How to Improve Gut Health and PCOS — 5 Tips
Scared you’ve done irreversible damage when it comes to gut health and PCOS? Not sure how to improve your PCOS? Rest assured, you haven’t done any permanent damage! Use the 5 tips below to restore balance to your gut, improve intestinal permeability, and heal from your PCOS.
- Eat more fiber: In our unofficial PCOS diet, fiber would definitely be at the top of the food list. Fiber has many essential health benefits and your bowels will thank you, considering foods high in fiber like beans, oats, and quinoa are natural stool softeners and prevent constipation.
- Eat more plant-based foods: The American Gut Project, which is the largest study to date on the gut microbiome, determined the #1 indicator of a healthy gut is having a wide range of plant-based foods in your diet. 30+ per week is optimal.
- Cut back on added sugar: Sugar is the main fuel source for candida, which if left untreated, can result in candida overgrowth and have a whole host of adverse consequences for your health. Instead, opt for foods high in antioxidants to fight inflammation, such as berries, dark chocolate (it’s yummy and good for your gut!), and pecans.
- Catch your Z’s: Lack of sleep has been linked to less diversity in your gut’s bacteria. Aim for 7-9 hours of sleep each night. If you struggle falling asleep at night, limit screen time a few hours before bed (the blue light emitted from our screens disrupts the sleep-wake cycle).
- Manage stress: Chronic stress has been shown to increase intestinal permeability. So finding ways to manage your stress, such as meditation, journaling, or yoga is extremely important.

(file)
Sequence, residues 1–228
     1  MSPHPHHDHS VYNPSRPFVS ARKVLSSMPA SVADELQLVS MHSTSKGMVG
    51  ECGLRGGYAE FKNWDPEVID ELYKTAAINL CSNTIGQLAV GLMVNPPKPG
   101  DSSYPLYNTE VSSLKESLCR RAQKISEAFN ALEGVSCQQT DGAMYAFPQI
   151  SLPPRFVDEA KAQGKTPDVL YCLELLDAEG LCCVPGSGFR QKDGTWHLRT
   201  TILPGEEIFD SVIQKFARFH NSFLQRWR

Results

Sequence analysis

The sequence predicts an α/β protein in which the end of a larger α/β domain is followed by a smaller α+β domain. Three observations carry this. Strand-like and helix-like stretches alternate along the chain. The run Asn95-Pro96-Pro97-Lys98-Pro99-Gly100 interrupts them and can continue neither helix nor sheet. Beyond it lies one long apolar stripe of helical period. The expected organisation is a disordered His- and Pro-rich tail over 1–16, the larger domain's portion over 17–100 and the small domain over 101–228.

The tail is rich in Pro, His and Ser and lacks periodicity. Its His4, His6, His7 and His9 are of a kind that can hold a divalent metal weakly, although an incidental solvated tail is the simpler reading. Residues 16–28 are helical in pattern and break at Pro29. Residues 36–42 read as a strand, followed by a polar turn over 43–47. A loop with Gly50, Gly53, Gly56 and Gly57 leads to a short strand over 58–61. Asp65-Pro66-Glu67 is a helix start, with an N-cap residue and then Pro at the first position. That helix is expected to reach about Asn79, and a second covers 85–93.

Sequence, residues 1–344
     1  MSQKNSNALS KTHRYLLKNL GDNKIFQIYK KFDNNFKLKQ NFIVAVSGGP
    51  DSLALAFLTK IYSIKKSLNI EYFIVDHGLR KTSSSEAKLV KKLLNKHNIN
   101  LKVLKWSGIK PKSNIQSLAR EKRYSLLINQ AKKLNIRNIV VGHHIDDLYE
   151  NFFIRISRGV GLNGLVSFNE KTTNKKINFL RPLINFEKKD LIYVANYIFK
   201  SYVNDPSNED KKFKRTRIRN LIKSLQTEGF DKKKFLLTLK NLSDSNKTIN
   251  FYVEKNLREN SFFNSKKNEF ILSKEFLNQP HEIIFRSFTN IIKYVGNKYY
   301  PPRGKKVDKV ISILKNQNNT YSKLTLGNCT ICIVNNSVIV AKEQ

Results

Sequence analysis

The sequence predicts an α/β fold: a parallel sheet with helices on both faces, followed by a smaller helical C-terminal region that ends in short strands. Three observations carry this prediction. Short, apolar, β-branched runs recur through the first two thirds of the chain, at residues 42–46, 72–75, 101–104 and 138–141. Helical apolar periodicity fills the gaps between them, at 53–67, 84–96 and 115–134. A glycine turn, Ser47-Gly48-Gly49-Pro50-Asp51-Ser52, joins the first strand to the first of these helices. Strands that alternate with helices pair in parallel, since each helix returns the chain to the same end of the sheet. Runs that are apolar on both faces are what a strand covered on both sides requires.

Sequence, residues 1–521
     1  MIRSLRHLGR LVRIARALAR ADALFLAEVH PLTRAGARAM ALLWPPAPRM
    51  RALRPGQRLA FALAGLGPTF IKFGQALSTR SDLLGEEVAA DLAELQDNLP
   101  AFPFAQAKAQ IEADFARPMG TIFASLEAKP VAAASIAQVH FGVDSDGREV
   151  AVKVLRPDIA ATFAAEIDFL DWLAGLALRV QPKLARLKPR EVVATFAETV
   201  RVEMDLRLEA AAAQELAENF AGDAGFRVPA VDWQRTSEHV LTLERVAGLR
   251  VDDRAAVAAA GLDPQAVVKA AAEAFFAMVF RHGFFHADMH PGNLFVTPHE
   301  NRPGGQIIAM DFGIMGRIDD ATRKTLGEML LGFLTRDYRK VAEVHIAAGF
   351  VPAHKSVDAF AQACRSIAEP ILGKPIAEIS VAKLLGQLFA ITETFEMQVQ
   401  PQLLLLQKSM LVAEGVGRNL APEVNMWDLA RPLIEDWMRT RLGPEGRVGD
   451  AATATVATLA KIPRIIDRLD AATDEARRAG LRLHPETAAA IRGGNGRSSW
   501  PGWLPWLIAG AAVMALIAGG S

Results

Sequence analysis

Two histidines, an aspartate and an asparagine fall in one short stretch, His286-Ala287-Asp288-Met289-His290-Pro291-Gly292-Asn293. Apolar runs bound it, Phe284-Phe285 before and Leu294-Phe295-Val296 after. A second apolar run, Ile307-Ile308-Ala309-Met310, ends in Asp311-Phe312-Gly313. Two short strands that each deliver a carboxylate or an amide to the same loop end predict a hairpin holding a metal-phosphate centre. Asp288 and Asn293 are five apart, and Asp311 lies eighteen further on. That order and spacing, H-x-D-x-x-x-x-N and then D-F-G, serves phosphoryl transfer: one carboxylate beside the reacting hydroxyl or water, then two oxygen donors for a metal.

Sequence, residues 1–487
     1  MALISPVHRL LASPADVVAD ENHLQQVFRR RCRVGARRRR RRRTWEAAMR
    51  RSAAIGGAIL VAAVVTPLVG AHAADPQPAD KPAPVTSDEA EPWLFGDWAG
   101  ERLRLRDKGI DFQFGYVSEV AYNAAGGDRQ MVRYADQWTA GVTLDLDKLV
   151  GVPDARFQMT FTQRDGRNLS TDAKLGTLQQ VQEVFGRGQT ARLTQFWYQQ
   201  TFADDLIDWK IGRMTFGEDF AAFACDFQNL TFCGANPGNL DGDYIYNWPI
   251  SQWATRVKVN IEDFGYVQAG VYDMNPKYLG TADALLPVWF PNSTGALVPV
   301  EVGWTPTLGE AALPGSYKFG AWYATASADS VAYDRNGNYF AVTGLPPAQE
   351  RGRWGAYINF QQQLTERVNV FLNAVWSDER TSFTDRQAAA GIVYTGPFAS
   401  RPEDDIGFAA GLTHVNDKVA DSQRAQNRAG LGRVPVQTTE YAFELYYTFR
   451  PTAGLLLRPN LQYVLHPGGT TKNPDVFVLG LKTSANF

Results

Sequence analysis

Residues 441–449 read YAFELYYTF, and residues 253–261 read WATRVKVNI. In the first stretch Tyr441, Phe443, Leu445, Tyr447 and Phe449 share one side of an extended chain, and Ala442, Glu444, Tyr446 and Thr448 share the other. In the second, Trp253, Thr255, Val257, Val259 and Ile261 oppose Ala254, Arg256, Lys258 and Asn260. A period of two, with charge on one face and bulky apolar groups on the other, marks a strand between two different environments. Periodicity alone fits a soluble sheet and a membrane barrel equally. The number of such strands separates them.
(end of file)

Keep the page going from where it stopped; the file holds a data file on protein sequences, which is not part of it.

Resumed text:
Can Probiotics Help PCOS?
Amid the PCOS and gut health discussion, you might be wondering if probiotics can help. They definitely can! Probiotics address gut dysbiosis and leaky gut issues by helping you produce more good bacteria for your gut and fostering an environment for that healthy bacteria to thrive.
Foods like kombucha, kefir, and sauerkraut come high in probiotics. There are also probiotic supplements as a convenient alternative. One large review of several studies noted that for women with PCOS, probiotic supplements were beneficial for many hormonal and inflammatory indicators. Some of the best probiotics for PCOS (and really, just gut health in general) come from the Lactobacillus and Bifidobacterium bacterial families. They’re essentially A+ when it comes to bacterial strains.
Floré Personalized Probiotics are designed to increase the number of good bacteria in your gut and reduce inflammation while helping with conditions like leaky gut. Why personalized probiotics? Because your gut is unique and there’s no guarantee that a generic product off the shelf can get the job done when it comes to helping you improve your gut health. Rather, we analyze the trillions of microbes inhabiting your gut to come up with a custom solution tailored to your specific health needs!
About the Author
Chad Richardson is a freelance writer from Cincinnati, OH who also enjoys going to the gym and doing his best Arnold Schwarzenegger impersonation, scrolling through Netflix trying to find a new binge-worthy show, and catching a game to root on his hometown sports teams.